Missouri Girl Eats Weeds
Wed, 10/20/2021 - 1:20pm admin
Ann J. Hines, PhD
Like the mimosa tree I wrote about a few weeks ago, pawpaws seem like they belong in the tropics rather than in the temperate-zoned Midwest. While the tree itself is not particularly remarkable, the fruits are something like banana-mango-vanilla-custard. Truly unique, and the largest native fruit of the U.S., I feel the pawpaw is an under-appreciated Ozark treasure.
When pawpaws are ripe, they fall to the ground. You can shake the tree to encourage them. Unlike persimmons, if picked too early, they will not continue to ripen. When ripe they will be fragrant, soft to the touch, and fairly easy to bruise, like a banana. I prefer to eat them when they are soft but have only a few dark spots. Some people like to eat them when most of the skin has turned dark. This is a matter of preference just like bananas. The flavor will become more intense as they ripen, so I’d say try eating them the way you prefer your bananas. You can cut them in half and scoop them out with a spoon, separating the several large, flat seeds.
They have remained a forager’s treat because there are several obstacles to commercial production. Firstly, the aforementioned necessity of it ripening on the tree and the easily-bruised skin. In addition, the cultivation of the tree requires a male and female, so if you have found a pawpaw tree but it’s not producing, it may be too young or it needs a mate. Transplanting is tricky, and seed germination difficult. Even if you want to wait the 100 days for a seed to germinate (in a cool, moist environment, like a baggie of dirt in your fridge) you won’t know the sex until it blossoms. Even then, being monoecious, it can change sex! As if those weren’t enough obstacles, it is self-incompatible, meaning it must be pollinated by an unrelated pawpaw tree.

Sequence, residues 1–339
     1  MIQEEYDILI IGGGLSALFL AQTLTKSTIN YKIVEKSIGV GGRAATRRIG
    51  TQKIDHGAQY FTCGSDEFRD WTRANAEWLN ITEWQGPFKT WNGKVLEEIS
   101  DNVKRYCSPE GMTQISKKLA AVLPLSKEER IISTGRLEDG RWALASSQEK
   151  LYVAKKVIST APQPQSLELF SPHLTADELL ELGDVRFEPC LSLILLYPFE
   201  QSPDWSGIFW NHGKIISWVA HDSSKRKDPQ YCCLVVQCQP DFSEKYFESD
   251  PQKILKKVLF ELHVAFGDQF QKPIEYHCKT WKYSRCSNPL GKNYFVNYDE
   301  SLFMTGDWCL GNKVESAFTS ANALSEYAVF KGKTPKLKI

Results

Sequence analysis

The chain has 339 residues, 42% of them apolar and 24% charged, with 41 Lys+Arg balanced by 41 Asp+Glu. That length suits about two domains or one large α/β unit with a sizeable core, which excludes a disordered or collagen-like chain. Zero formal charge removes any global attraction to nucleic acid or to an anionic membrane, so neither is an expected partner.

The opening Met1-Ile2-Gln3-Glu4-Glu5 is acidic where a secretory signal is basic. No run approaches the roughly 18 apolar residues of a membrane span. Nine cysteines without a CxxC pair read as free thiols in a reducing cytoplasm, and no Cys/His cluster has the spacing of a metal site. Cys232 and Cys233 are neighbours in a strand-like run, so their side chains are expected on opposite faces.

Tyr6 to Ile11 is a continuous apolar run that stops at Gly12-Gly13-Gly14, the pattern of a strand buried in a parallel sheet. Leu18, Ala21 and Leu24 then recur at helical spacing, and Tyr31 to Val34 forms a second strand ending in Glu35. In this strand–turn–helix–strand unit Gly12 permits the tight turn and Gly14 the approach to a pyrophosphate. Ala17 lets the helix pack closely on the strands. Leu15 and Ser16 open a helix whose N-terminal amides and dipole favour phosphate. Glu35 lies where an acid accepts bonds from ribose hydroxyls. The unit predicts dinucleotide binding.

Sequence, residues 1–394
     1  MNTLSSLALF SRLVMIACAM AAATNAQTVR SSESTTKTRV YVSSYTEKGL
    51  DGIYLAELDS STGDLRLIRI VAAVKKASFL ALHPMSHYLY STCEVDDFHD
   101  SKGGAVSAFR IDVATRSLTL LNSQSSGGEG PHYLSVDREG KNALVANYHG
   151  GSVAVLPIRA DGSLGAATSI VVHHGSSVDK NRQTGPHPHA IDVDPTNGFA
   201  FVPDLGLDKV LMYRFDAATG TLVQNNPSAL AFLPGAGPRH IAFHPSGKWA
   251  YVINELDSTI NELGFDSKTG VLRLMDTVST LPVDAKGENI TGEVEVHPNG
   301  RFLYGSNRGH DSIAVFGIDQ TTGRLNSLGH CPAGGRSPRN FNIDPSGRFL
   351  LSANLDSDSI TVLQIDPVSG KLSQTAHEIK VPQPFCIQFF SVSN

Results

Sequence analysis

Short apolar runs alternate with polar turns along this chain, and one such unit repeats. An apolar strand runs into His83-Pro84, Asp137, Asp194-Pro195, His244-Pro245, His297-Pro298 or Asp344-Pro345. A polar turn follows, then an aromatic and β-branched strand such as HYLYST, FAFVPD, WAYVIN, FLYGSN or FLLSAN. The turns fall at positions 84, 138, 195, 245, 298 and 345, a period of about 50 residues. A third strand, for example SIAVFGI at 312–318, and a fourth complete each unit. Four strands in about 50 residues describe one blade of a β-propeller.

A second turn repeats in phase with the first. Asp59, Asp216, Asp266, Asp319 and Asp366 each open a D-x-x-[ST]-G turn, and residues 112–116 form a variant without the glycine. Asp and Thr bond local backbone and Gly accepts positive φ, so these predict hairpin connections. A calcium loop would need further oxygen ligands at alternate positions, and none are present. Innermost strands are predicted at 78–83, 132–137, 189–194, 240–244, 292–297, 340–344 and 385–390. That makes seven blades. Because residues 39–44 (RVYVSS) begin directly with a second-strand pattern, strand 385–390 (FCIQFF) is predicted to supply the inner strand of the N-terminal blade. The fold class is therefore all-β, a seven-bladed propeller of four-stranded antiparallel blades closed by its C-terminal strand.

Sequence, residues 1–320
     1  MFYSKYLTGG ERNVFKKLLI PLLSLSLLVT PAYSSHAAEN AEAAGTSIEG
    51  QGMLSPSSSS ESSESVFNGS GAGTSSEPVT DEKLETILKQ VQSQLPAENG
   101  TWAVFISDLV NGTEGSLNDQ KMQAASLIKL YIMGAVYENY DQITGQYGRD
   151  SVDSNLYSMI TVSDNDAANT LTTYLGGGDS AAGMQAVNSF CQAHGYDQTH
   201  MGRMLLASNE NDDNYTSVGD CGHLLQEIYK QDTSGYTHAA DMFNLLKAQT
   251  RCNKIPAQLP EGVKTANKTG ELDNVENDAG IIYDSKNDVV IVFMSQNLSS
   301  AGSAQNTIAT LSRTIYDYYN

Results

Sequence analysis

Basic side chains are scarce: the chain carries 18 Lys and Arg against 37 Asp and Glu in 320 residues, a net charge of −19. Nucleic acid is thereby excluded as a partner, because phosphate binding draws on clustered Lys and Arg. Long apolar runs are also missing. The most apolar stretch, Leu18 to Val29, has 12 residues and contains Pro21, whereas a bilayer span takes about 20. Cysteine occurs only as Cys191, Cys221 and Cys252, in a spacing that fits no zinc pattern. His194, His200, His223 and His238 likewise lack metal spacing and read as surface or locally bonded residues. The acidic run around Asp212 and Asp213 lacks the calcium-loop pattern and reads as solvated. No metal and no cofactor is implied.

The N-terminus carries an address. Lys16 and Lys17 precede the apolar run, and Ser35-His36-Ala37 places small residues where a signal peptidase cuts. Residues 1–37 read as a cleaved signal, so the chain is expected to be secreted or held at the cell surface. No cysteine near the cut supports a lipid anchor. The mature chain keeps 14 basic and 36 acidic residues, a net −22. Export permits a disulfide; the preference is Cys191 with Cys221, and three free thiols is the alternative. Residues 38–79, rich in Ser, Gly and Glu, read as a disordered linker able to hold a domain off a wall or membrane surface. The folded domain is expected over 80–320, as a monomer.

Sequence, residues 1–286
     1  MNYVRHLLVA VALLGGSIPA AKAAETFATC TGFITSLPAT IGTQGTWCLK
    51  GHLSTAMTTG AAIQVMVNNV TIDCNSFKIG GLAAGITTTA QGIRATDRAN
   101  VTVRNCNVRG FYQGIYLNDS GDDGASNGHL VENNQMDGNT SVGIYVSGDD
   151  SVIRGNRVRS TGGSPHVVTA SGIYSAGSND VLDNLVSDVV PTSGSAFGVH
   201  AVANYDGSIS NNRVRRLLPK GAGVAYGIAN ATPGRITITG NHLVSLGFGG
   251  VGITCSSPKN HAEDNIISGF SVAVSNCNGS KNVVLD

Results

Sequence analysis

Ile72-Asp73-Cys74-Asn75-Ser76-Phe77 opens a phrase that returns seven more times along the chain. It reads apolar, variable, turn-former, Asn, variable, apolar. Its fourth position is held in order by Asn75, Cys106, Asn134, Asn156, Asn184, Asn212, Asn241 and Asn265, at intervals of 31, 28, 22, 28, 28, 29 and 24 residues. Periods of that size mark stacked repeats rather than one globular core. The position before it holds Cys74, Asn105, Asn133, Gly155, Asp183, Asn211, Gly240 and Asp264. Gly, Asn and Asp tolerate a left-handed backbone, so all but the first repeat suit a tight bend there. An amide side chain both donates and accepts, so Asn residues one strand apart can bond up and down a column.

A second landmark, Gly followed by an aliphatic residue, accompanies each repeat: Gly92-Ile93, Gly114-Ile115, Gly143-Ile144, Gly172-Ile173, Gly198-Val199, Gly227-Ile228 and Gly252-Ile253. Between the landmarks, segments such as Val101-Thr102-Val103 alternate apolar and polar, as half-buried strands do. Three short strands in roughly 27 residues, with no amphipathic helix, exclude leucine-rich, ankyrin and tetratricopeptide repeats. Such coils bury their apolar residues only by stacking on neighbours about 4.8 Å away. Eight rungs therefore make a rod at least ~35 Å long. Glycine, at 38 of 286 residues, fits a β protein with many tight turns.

Now you understand what a treasure you have found when you find pawpaw fruit! But wait… there’s more! This remarkable tree shows promising anti-cancer properties. The roots, twigs, leaves, and fruit show growth-inhibitory effects, particularly in stomach and cervical cancers. Furthermore, they exhibit an inhibitory effect on angiogenesis, which is the process by which a tumor begins to form. Interestingly, the unripe fruits contain more of these anti-cancer properties.
Besides these amazing qualities, they are good source of vitamins and minerals, such as iron, magnesium and manganese. But most of all, they are a delicious and unique fruit to find in our beautiful woods. Let me know if you find some! Email me or join us in the Missouri Girl Eats Weeds Facebook group to share your finds, recipes or ask questions.